Finally, I just want to point out that the reason it is difficult to oppose abortion, especially at Yale or in NYC where I live, is that you lose friends. A handful of people who I have gotten along with just fine over the past year and a half of Yale (including a couple in my residential college) have begun acting differently towards me just for going to the March. It is social poison and it blacklists you. You are quite correct to say that I am not doing enough to fight abortion, and maybe once I get a little more backbone I will do a lot more.

  • commentator

    “I’m glad that groups, whether religious or not, stand up for those that don’t have a voice. These same groups stand up for people in Tibet, Sudan, Darfur, you name it, trying to raise awareness, standing there with placards.”

    People in Tibet have a voice. Perhaps a voice insufficiently heard, but they have a voice, for the simple reason that they are people – thinking individuals with emotions and consciousness. In other words, everything that fetuses are not.

    To equate fetuses with people is to trivialize human life. The whole of the so-called ‘pro life’ movement is organized around the marginalization of birth as an event. As if there is a childhood, an old age, a mid-life crisis, and, oh yes, there is also that period of your life before you are born. This is nothing short of ridiculous. And frankly, it is really difficult to take seriously someone who refuses to recognize this difference. What’s next, protection for the pre-conceptioned life?

  • mr09

    to commentator:
    i agree – people in tibet have a voice. i used tibet more to illustrate the importance of standing up for others and what you believe in no matter what resources you have to demonstrate.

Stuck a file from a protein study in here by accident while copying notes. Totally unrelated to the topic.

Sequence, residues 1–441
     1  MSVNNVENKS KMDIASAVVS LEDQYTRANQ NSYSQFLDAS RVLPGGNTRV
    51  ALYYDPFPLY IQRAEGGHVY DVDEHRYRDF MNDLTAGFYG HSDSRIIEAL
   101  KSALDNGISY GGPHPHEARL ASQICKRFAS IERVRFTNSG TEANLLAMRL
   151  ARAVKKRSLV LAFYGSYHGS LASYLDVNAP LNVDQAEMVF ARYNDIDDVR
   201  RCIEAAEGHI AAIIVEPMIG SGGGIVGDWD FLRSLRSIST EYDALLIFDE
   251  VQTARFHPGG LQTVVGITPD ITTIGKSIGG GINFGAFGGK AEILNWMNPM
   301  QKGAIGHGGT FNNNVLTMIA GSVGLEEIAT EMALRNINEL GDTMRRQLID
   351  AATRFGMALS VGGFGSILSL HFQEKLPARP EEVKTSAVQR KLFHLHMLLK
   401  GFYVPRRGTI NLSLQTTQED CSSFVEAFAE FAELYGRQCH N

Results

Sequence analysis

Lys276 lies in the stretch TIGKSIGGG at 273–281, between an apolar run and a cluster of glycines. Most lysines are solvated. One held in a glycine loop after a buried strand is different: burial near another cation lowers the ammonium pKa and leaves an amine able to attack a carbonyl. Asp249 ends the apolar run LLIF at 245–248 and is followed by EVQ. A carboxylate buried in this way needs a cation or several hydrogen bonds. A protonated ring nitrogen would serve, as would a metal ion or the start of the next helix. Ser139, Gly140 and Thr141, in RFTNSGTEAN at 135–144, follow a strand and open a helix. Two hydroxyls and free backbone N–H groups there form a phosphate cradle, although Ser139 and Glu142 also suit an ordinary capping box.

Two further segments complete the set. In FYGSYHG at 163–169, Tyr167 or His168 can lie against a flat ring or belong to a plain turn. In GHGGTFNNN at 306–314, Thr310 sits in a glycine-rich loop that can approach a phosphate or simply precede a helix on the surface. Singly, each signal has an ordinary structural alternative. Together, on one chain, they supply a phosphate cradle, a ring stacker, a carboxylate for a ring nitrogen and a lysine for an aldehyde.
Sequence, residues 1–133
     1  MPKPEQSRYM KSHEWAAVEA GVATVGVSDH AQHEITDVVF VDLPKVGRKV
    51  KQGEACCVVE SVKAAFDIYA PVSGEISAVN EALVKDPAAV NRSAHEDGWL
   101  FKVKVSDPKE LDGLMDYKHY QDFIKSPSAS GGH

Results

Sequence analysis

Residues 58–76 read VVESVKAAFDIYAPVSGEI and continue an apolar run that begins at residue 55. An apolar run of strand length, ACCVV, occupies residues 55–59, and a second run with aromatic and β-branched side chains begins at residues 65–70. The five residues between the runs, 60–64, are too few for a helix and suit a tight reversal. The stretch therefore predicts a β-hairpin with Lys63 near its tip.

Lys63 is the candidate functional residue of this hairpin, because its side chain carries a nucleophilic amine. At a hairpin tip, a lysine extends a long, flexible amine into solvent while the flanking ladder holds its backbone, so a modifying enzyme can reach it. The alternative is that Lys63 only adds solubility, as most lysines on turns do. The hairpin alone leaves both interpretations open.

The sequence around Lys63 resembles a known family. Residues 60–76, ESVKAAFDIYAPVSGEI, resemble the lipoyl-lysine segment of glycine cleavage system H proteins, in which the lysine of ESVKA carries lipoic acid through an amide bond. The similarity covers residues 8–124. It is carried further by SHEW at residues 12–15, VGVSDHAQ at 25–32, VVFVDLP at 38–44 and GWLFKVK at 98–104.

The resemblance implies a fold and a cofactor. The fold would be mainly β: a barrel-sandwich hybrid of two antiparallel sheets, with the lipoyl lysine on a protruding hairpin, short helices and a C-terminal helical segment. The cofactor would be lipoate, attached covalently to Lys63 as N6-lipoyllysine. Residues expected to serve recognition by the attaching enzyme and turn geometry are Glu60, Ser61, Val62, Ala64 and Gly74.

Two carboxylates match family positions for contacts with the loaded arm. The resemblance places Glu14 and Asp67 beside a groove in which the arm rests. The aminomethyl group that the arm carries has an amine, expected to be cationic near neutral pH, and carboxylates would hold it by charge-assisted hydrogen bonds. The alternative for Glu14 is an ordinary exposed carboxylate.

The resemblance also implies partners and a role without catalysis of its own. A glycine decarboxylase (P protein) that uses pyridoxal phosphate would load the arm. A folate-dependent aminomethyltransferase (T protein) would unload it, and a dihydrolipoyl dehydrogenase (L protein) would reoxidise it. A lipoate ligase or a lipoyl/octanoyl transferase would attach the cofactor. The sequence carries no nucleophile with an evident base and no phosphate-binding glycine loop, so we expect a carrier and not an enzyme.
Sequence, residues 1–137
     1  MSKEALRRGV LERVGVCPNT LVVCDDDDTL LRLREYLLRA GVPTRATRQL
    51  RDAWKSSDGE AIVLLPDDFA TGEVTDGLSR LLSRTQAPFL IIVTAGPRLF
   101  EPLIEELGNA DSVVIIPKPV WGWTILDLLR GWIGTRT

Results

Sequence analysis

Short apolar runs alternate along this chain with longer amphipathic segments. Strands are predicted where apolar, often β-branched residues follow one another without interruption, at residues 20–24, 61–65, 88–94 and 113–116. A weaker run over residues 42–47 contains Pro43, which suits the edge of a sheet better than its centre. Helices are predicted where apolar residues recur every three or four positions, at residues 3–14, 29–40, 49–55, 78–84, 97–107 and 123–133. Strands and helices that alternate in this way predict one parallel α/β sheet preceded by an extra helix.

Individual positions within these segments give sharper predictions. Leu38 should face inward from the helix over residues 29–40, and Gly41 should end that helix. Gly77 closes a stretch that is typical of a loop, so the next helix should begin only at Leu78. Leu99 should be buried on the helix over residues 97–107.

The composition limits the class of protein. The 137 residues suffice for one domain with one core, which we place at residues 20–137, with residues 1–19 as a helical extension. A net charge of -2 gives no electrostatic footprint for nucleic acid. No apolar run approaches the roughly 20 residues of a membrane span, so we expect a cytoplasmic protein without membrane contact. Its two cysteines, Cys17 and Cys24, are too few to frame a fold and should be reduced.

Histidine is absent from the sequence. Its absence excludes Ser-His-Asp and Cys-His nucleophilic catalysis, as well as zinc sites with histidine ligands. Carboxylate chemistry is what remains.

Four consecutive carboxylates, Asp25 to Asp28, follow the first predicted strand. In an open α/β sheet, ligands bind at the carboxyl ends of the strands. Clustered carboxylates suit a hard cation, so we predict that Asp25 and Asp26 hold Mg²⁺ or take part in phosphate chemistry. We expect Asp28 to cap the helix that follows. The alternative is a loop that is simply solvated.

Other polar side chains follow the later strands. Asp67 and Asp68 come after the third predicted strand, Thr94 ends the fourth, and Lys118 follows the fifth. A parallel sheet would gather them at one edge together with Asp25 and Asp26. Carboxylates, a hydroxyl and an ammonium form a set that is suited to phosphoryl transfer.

i also agree that an important aspect of ‘human life’, as you describe it, is based on the human experience and the ability to have emotions and consciousness, but i can’t say that a more experienced human life is worth more than a less experienced one, legally at least. an ex utero or ex vivo (whatever the hell you want to call it) lump of cells (aka baby) has legal protections. when observing one of these lumps of cells that drools and stares into oblivion, one would have to wonder if there’s a whole lot that mentally (and physically) distinguishes a 1 day old baby or even a 2 week old baby compared to a developed fetus. Birth is a very important event… as are childhood and mid-life crises, but I think if our society is really interested in moving this debate forward, attempts should be made to reach a consensus on how life can be defined and if or how it should be protected at all stages.

  • commentator


    Actually, no. It’s not about defining life. It’s about defining what a human being is. Sperm and eggs are unquestionably life, not inorganic matter.

    “When observing one of these lumps of cells that drools and stares into oblivion, one would have to wonder if there’s a whole lot that mentally (and physically) distinguishes a 1 day old baby or even a 2 week old baby compared to a developed fetus.”

    I have watched my child develop from what looked like a worm to what looked like a rather disgusting alien form of life, to a human being. So, as far as I am concerned, there is a whole lot of obvious difference.

  • mr09

    cool – can you give an estimated time frame (days/months preferably not stardates) as to when it transitioned from alien to human being? i’m guessing it was at least a few weeks after birth b/c most new borns still look like aliens.
    i think your argument would be that human ‘life’ or ‘being’ should be legally protected within or following this transitional time frame, right?

  • commentator